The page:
Carla Aaron-Lopez is an artist, a middle school teacher and a parent. She’s exceedingly busy on a regular day.
Yet she chose to organize what she calls “the largest project I’ve taken on in my career” to celebrate what feels like the beginning of the world reopening. She’s been planning LOCAL/STREET, a pop-up installation at the Mint Museum Randolph, for a year.
“I felt like, once we got out of the pandemic, we needed something to celebrate,” she said. “I wanted to create a platform that supports the artists right here in our backyards. We have so many dope people right here in town.”
She chose 40-some artists, mostly of color, to be part of the exhibition and gave them carte blanche.
“It’s not necessarily a Black thing,” she said. “That would take away power from my Latinx and Asian brothers and sisters in the show. Now granted, there will be a lot of Blackness in the building.”
A Powerful Partnership
And the building is a prominent one – the original Mint Museum on Randolph Road. When Aaron-Lopez first mentioned her idea to Charlotte Is Creative’s Tim Miner, she didn’t have a venue in mind. He suggested she “swing for the fences” and pursue the Mint Museum.
Aaron-Lopez was already on Jennifer Sudul Edwards’ radar. The Mint’s chief curator and curator of contemporary art recalled, “Tim Miner emailed me — I think the very day I had a meeting at BLKMRKTCLT — to see if they would be part of an exhibition I was organizing. He suggested we meet because Carla had this idea.”
“Carla said she wanted the space for 24 hours,” Edwards said. “But when I mentioned it to Todd Herman, our director, he said, ‘If she’s going to do all that work, why just do it for 24 hours? Why not leave it up for the weekend?’”
The Mint actively promotes local artists and artists of color, including through its Constellation CLT series and other programs. And that’s as it should be, Edwards said.
“The story of institutions – and that’s museums, galleries, anywhere where you see art – is predominantly a story of history and culture told from a Eurocentric position,” she said.
“And we’re finally becoming really aware that history has many storytellers and many perspectives. We need to make sure those stories are told by as many different viewpoints and voices as possible. We have to make sure we have a full chorus of voices in our public spaces – not just one single perspective or note.”
Engaging the “Underground”
Just as Aaron-Lopez is giving her artists free rein, the Mint is allowing Aaron-Lopez to do her thing. “I haven’t seen the work,” Edwards said. “I wanted to make sure this was Carla’s show.”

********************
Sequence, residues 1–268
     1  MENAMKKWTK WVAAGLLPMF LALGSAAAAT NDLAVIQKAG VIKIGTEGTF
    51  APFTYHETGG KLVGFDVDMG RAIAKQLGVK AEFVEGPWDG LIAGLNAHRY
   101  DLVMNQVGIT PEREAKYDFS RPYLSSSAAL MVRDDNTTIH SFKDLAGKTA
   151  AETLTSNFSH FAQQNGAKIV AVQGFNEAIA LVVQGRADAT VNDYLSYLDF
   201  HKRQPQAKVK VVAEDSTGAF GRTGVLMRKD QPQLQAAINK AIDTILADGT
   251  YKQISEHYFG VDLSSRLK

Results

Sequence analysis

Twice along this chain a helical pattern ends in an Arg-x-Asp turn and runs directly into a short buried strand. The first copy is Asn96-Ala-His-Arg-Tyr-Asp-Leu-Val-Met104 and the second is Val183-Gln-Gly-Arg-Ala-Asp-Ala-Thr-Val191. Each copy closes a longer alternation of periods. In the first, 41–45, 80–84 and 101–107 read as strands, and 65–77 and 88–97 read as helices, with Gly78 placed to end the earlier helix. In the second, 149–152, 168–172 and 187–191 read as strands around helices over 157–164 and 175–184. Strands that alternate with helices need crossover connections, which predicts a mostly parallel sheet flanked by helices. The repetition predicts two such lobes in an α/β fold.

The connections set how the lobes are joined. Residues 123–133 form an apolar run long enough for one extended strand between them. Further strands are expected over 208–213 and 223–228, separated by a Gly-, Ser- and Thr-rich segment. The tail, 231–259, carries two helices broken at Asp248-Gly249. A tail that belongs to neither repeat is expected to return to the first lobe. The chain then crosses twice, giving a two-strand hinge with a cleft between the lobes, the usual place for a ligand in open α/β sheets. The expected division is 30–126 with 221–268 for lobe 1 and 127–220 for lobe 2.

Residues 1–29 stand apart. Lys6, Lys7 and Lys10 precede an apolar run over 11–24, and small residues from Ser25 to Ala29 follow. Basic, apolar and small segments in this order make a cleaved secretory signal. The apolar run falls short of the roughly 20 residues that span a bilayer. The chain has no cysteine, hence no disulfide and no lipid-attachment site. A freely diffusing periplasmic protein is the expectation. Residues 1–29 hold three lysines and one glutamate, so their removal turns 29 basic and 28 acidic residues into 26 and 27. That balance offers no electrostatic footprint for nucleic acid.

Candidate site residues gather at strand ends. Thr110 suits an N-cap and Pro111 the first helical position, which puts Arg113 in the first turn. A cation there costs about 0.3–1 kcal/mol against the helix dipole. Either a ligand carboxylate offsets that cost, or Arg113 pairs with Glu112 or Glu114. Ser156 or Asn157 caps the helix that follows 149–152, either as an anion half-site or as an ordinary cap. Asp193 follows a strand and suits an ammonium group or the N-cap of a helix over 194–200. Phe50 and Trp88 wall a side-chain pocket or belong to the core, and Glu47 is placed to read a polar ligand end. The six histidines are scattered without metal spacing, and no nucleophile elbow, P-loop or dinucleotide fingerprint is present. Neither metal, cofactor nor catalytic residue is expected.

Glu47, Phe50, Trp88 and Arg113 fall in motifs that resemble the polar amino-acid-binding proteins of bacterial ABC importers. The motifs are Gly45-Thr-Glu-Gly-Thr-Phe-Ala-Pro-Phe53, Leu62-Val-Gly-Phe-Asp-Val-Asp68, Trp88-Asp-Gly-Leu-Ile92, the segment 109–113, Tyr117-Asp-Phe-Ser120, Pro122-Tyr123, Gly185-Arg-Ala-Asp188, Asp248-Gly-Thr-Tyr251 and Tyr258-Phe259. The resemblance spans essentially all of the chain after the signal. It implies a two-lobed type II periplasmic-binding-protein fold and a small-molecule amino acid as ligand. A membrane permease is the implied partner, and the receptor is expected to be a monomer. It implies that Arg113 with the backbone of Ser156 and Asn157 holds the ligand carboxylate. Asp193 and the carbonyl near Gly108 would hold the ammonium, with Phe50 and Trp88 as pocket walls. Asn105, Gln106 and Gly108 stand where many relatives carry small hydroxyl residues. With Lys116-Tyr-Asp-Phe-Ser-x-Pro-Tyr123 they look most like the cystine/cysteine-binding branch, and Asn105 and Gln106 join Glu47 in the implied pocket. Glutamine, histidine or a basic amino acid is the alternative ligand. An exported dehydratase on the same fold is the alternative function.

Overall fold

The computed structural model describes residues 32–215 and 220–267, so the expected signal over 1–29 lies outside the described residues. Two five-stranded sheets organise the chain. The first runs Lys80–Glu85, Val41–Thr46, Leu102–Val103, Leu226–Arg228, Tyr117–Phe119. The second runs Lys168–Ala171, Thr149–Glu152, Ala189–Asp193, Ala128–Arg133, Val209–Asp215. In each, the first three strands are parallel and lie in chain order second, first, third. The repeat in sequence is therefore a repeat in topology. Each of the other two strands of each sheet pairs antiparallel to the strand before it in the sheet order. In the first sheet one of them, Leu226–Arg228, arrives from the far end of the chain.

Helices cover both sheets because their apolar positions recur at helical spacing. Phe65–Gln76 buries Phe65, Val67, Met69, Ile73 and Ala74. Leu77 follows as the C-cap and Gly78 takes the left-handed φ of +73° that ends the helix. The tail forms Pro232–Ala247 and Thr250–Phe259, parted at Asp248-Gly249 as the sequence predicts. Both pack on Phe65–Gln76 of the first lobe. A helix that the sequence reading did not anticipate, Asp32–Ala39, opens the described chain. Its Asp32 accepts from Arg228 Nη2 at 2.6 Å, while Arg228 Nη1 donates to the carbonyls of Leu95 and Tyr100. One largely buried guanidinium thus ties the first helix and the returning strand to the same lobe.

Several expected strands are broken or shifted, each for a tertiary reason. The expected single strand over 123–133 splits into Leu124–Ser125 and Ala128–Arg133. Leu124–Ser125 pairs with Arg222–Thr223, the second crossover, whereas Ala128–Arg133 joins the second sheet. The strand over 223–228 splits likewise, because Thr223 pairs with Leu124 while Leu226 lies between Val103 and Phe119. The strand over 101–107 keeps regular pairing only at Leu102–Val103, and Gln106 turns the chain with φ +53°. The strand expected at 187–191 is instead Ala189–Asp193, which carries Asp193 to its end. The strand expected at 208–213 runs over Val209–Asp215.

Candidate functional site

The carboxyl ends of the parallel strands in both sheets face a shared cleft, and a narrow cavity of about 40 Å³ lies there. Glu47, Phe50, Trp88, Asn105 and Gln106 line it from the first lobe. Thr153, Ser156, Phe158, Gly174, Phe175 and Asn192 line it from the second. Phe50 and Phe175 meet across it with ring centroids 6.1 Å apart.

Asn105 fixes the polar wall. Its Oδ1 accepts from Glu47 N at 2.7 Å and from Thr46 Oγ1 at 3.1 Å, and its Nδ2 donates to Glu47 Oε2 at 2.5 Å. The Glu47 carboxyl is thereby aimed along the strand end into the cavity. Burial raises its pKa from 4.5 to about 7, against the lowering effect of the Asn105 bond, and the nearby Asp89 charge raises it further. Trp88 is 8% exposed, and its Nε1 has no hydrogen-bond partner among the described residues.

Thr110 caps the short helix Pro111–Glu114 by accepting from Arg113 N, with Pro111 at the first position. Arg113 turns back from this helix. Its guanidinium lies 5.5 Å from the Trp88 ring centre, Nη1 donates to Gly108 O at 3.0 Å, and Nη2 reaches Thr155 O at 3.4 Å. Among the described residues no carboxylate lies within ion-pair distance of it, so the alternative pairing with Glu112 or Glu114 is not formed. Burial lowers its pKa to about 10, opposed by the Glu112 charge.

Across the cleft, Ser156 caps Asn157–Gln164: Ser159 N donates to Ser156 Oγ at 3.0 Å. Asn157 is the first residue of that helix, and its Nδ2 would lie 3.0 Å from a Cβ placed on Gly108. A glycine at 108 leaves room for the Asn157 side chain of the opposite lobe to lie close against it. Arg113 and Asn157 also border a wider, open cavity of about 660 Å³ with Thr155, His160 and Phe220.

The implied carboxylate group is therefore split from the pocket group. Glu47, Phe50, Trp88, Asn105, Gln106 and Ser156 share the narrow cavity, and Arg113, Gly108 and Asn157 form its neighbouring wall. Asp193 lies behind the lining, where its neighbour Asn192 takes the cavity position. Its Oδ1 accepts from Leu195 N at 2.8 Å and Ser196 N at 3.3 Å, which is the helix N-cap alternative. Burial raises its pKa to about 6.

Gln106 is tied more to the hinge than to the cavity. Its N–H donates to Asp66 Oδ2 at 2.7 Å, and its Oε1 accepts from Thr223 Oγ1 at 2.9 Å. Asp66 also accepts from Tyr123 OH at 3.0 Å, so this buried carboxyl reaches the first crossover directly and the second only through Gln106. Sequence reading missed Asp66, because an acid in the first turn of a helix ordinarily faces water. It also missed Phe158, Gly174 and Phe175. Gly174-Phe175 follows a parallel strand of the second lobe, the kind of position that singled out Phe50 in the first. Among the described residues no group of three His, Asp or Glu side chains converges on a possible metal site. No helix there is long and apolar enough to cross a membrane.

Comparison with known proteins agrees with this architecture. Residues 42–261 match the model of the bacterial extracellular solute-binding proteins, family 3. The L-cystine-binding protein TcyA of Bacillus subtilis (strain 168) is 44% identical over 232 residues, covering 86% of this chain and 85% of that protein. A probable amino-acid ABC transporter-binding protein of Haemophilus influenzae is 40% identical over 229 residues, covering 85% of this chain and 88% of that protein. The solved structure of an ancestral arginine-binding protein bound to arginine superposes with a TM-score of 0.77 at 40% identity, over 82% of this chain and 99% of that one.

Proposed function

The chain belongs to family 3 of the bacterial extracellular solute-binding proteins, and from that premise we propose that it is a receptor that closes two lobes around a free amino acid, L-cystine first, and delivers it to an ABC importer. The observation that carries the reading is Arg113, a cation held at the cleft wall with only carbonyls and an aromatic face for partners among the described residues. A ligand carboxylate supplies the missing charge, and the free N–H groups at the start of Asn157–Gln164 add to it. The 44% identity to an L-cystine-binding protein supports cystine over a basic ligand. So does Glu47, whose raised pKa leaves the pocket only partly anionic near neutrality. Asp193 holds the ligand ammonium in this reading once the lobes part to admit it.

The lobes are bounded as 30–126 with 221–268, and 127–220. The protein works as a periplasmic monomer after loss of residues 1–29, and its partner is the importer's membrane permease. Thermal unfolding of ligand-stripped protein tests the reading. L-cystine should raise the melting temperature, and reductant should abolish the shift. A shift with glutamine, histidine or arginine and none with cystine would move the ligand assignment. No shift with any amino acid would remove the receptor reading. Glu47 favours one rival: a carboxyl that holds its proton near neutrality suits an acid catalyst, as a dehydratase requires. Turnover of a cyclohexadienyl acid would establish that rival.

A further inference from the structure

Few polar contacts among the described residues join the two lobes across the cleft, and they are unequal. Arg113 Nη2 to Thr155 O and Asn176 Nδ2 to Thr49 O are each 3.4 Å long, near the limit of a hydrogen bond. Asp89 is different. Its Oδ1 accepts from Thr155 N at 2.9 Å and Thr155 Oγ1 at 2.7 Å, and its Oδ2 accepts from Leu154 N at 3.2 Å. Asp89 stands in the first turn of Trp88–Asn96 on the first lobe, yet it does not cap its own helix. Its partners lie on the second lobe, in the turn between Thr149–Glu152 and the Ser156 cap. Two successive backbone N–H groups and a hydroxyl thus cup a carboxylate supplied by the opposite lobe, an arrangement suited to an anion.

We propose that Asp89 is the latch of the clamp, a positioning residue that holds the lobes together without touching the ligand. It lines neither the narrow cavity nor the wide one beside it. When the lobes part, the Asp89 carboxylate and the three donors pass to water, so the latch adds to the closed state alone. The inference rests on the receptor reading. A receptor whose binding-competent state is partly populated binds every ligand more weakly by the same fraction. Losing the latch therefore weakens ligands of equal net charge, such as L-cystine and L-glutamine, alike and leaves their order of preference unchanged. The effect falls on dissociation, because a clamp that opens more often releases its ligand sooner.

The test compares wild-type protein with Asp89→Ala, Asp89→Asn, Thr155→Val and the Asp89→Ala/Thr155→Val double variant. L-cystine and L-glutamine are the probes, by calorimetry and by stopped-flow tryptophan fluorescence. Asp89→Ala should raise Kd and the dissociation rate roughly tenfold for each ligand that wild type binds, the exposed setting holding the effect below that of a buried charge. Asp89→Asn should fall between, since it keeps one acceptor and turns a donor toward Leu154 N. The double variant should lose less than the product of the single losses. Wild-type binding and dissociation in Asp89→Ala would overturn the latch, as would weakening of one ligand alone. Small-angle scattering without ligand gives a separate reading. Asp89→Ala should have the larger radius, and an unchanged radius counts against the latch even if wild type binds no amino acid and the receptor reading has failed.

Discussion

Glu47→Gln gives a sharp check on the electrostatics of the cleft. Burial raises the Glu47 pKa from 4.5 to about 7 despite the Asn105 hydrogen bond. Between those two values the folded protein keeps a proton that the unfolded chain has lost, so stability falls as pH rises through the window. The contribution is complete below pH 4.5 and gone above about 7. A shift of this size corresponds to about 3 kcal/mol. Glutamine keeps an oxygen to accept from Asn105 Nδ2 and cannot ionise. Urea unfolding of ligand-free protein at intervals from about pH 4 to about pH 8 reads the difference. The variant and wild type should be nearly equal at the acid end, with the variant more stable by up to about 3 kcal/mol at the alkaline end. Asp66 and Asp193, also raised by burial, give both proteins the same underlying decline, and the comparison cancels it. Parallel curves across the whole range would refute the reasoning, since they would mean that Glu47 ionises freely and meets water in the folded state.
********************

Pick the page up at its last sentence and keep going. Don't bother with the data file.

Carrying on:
And she is more than ready for the stage.
“I’m definitely about to create the concept of what the underground means with this exhibition,” she said. “And I can only do that because … Charlotte truly has an underground art scene. And the artists I’ve selected for the show are just a portion of all the many voices I’ve come across.”
And what exactly is “the underground”? Aaron-Lopez described it as “where all the cool things happen before the mainstream catches up.”
“Art will be everywhere,” Aaron-Lopez promised. “I love the gaudiness of salon style. It makes me so happy.” The work will be hung from the ceiling to the floor. There will be so much of it, it may be hard to take it all in.
But, try. Aaron-Lopez has curated work from some of Charlotte’s best artists – including muralists and “street artists,” which is how LOCAL/STREET got its name.
Pay particular attention, she said, to the illustrations and photographs. “The painters are going to shine regardless, because they are painters,” she said. Don’t neglect the other work.
“I want to have everybody that has impressed the hell out of my ass,” Aaron-Lopez said. There will be paintings, photography, illustration, collage – and at the sold-out Friday night opening, a piece of performance art by Marcia Jones called The Journey of the Once Returner.
Jones “communicates her relationship with her ancestors, and it turns into an entire drawing on the floor,” Aaron-Lopez said. “It’s a very active performance to watch.”
Invest in Charlotte’s Creatives
The Mint’s Jen Edwards said LOCAL/STREET is a good opportunity for established and emerging collectors to purchase original, local art. “Even if you don’t meet the artist at the opening, there are other ways to access them.”
Art may be everywhere this weekend, but price tags won’t be. When asked about the starting price point, Aaron-Lopez said, “I think that’s a conversation between you and the artist. We give them the power. I don’t have any power over their part. I think that removing the concept of a price tag forces people out of their comfort zone. If you see something you like, head straight to the artist and converse with them.”
Aaron-Lopez wants LOCAL/STREET to be the beginning of many things — relationships between viewers and artists and among the artists themselves.
“I told all the artists: Exhibit your talents to the fullest,” she said. “It’s not that we’re in competition with each other, but we’ve been given a platform to literally show out. So, I want you all to show people what you can do. Push it as far as you can.”
Join the Underground.
LOCAL/STREET is a collaboration between Carla Aaron-Lopez and The Mint Museum, with help from the Arts & Science Council and Charlotte Is Creative. See a list of participating artists.
Opening night is sold out. But the exhibition is open on Saturday and Sunday. Get museum admission tickets here. Guests must wear masks while inside the Mint. Due to COVID-19 restrictions, only 50 guests may be in LOCAL/STREET at the same time.
WHERE: Mint Museum Randolph at 2730 Randolph Rd., Charlotte, N.C. 28207
WHEN: March 26: 6-9 p.m. | March 27: 11 a.m. – 6 p.m. | March 28: 1 – 5 p.m.
Featured Image (Above): The main image of this article is a piece created by Queen Loany.
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